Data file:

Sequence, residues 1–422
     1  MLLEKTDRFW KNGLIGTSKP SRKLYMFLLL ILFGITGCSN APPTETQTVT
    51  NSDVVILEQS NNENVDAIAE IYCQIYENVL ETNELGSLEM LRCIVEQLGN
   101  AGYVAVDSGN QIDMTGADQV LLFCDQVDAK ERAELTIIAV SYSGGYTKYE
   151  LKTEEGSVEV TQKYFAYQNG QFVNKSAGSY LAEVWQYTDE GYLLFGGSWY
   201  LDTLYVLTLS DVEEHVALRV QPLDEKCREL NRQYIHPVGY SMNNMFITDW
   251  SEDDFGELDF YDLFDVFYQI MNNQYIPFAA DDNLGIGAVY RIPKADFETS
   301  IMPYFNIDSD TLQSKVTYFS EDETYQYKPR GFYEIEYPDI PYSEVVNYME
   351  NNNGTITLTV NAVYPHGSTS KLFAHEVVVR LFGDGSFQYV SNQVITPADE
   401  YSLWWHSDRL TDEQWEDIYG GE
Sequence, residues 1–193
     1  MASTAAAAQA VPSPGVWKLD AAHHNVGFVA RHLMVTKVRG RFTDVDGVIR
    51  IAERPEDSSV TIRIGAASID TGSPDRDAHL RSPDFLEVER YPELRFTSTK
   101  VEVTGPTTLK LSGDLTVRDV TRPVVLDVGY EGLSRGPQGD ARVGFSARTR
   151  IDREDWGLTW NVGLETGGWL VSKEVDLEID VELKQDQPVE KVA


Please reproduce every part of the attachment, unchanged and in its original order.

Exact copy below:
Sequence, residues 1–422
     1  MLLEKTDRFW KNGLIGTSKP SRKLYMFLLL ILFGITGCSN APPTETQTVT
    51  NSDVVILEQS NNENVDAIAE IYCQIYENVL ETNELGSLEM LRCIVEQLGN
   101  AGYVAVDSGN QIDMTGADQV LLFCDQVDAK ERAELTIIAV SYSGGYTKYE
   151  LKTEEGSVEV TQKYFAYQNG QFVNKSAGSY LAEVWQYTDE GYLLFGGSWY
   201  LDTLYVLTLS DVEEHVALRV QPLDEKCREL NRQYIHPVGY SMNNMFITDW
   251  SEDDFGELDF YDLFDVFYQI MNNQYIPFAA DDNLGIGAVY RIPKADFETS
   301  IMPYFNIDSD TLQSKVTYFS EDETYQYKPR GFYEIEYPDI PYSEVVNYME
   351  NNNGTITLTV NAVYPHGSTS KLFAHEVVVR LFGDGSFQYV SNQVITPADE
   401  YSLWWHSDRL TDEQWEDIYG GE
Sequence, residues 1–193
     1  MASTAAAAQA VPSPGVWKLD AAHHNVGFVA RHLMVTKVRG RFTDVDGVIR
    51  IAERPEDSSV TIRIGAASID TGSPDRDAHL RSPDFLEVER YPELRFTSTK
   101  VEVTGPTTLK LSGDLTVRDV TRPVVLDVGY EGLSRGPQGD ARVGFSARTR
   151  IDREDWGLTW NVGLETGGWL VSKEVDLEID VELKQDQPVE KVA